This was to be the year that officially consecrated a new Real Madrid dynasty. After historic European success—back-to-back Champions League trophies, making for three such titles in four years—and the arguably even more Herculean feat of beating out Lionel Messi’s team for status as La Liga champions, the world’s most famous club came into the season with incredible momentum and hopes of pressing their advantage into what promised to be an even longer era as world soccer’s dominating force. Unfortunately for Madridistas, this was not to be.
Real’s season couldn’t have started any better. In the Spanish Supercopa back in August, Madrid crushed Barça in a two-legged tie that felt like a metaphor for both club’s diverging trajectories. Real had lost a few key cogs in what had been one of the strongest top-to-bottom squads ever assembled, but had replaced them intelligently with relatively cheap, young prospects who had every chance of achieving stardom. This made for a youthful roster still dripping with high-end talent, one that was savvily recruited by a club president who had foreseen the exponential growth of transfer fees for top players and devised a smart workaround by focusing on bringing in the world’s hottest talents before they’d fully blossomed and become prohibitively expensive. The club appeared all set to maintain its momentum as Spain’s and Europe’s preeminent team in both the short and long terms.
They had soon-to-be five-time Ballon d’Or winner Cristiano Ronaldo to keep them dominant now; prime-age players like Isco and Toni Kroos and Casemiro to aid Ronaldo’s cause while also continuing the winning tradition once started to fade; and a superstar in the making in Marco Asensio, who scored twice in a couple of star-making performances in Real’s dazzling 5-1 aggregate Supercopa victory. Asensio looked potentially able to take Ronaldo’s place as the club’s singular talisman after the Portuguese icon was gone. Everything was looking way up.
Barcelona, for their part, were by all appearances going in the opposite direction. Their star of the present and future, Neymar, had just forced his way out and joined Paris Saint-Germain in one of the most shocking, humiliating transfers sagas ever. In a panicky response, Barça’s leadership at that time cast about this way and that for big-name, expensive replacements, and their questionable efforts to acquire their chosen Neymar substitutes, pissed off half of Europe. Barça, too, had attempted a gradual squad rebuild process that resembled Real’s strategy of hoarding inexpensive young talents and hoping a few of them came good, only none of their gambles looked like it would be paying off any time soon. The Barcelona starting lineup was getting old, the bench was thin, and their present and future prospects looked uncertain at best.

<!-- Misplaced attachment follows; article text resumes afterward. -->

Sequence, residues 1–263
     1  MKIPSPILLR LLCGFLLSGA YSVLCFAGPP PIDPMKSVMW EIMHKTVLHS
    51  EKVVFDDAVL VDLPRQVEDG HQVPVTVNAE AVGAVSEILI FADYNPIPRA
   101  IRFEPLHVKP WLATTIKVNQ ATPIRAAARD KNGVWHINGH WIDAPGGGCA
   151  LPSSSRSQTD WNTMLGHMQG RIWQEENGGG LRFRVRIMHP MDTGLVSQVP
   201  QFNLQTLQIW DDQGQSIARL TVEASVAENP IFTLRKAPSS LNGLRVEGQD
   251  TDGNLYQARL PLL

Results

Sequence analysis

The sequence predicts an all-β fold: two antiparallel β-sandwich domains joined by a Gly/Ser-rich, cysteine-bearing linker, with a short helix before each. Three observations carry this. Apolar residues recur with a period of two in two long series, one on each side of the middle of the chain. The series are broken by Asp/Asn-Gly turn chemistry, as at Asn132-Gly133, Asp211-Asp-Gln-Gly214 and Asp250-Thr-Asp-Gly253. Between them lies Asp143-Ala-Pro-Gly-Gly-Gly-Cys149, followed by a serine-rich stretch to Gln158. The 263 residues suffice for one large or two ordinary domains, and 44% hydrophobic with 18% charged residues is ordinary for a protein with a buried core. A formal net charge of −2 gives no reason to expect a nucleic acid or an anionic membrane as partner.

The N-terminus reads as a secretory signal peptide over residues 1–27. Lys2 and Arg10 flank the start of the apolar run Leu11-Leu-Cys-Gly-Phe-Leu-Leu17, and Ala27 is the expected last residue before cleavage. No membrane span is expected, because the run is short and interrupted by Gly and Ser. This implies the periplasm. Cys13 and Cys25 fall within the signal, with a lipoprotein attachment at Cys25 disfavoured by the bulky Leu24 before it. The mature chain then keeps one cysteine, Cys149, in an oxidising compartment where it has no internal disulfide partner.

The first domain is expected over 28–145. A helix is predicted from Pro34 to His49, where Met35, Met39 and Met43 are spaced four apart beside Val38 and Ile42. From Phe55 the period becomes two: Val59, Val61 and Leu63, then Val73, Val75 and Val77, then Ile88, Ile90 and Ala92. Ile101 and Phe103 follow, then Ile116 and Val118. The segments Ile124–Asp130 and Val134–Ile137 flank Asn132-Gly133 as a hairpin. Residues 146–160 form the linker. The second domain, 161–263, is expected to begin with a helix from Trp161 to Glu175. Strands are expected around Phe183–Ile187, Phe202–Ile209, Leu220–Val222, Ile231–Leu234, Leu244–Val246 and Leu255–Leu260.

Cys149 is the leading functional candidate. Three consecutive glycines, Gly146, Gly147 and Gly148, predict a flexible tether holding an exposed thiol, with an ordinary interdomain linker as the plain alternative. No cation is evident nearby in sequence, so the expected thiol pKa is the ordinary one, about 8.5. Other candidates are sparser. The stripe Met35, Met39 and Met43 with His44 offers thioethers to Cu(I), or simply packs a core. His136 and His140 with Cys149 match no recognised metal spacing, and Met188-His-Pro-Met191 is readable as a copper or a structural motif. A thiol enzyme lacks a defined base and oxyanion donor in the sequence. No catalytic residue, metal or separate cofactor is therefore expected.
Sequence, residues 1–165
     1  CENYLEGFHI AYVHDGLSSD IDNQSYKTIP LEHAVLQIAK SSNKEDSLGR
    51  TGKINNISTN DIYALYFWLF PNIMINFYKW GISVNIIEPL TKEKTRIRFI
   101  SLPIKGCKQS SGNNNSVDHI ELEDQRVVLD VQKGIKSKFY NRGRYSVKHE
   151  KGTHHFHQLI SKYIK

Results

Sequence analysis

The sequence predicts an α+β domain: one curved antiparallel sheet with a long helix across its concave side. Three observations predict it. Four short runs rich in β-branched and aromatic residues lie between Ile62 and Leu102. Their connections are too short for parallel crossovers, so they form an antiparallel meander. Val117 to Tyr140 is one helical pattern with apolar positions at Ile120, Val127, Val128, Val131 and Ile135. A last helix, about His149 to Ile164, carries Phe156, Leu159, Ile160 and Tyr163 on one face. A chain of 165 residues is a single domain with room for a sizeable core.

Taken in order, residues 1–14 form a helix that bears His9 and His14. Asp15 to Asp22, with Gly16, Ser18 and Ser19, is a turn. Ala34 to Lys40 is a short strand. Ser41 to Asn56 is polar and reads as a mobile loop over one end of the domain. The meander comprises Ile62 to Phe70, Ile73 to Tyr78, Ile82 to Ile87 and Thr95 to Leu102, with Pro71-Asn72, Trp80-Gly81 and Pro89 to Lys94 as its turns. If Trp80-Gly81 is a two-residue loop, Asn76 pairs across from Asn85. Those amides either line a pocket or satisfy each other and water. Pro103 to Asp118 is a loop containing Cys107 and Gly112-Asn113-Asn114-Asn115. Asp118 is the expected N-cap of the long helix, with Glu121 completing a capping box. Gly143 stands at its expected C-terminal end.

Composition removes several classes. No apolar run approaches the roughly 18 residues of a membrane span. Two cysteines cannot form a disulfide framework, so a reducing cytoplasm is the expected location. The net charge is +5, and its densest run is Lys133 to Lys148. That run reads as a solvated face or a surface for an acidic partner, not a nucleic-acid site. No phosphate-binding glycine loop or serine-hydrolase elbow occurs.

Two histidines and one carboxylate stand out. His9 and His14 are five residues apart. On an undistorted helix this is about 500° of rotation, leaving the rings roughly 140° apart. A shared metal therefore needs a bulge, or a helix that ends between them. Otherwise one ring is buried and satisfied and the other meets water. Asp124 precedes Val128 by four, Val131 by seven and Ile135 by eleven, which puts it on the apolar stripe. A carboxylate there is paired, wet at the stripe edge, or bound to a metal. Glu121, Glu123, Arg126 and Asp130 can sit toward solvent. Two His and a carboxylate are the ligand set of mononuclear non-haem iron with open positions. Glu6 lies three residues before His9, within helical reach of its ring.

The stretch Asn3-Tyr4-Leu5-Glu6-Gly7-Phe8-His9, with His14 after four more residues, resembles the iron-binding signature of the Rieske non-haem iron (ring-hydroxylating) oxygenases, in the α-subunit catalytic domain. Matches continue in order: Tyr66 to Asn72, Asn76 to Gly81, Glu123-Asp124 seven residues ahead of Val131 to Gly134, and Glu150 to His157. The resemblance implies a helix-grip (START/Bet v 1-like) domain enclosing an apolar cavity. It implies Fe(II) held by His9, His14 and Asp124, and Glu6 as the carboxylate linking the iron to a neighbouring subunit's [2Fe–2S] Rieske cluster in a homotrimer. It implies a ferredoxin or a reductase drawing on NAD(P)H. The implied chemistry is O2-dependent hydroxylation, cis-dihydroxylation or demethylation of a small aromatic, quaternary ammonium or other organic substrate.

If you’ve paid any attention at all to the first half of the Spanish soccer season, you’ll know that things did not turn out at all as anyone expected. Madrid’s seemingly promising present has crashed and burned, while Barcelona are soaring. Real are currently a staggering 19 points (with one game in hand) behind Barça in the league table, right now occupying a perfectly deserved fourth-place spot. Just yesterday, they were ousted from the Copa del Rey in the quarterfinals by tiny Leganés after a two-leg tie in which Real were comprehensively outplayed in both matches. And with a pair of difficult Champions League Round of 16 matches against PSG on the horizon, Madrid could very well find their once-promising season completely over just halfway through the campaign.
That Madrid have problems is obvious. What exactly those problems are, why they’ve emerged after two wildly (if a little bit misleadingly) successful seasons, and, most importantly, how to fix them are much more difficult questions to answer. For as much creative talent as exists at the club, Real have a strangely difficult time creating good goal scoring opportunities. Their primary attacking strategy revolves around crossing the ball, with a heavy emphasis on the play of their full backs. When all of Real’s players were fit, healthy, and in form, this same strategy led the Blancos to conquer Europe twice and best Barcelona and everyone else in Spain last season. Marcelo, Daniel Carvajal, and Luka Modrić are phenomenal at curving in perfect aerial balls from out wide into the penalty area, and their header-genius teammates like Ronaldo, Gareth Bale, Karem Bezema, and Sergio Ramos are just as great at nodding those balls past keepers. It’s not the most poetic attacking strategy, but it’s one of proven efficacy as demonstrated by the club’s La Liga-UCL trophy haul last season.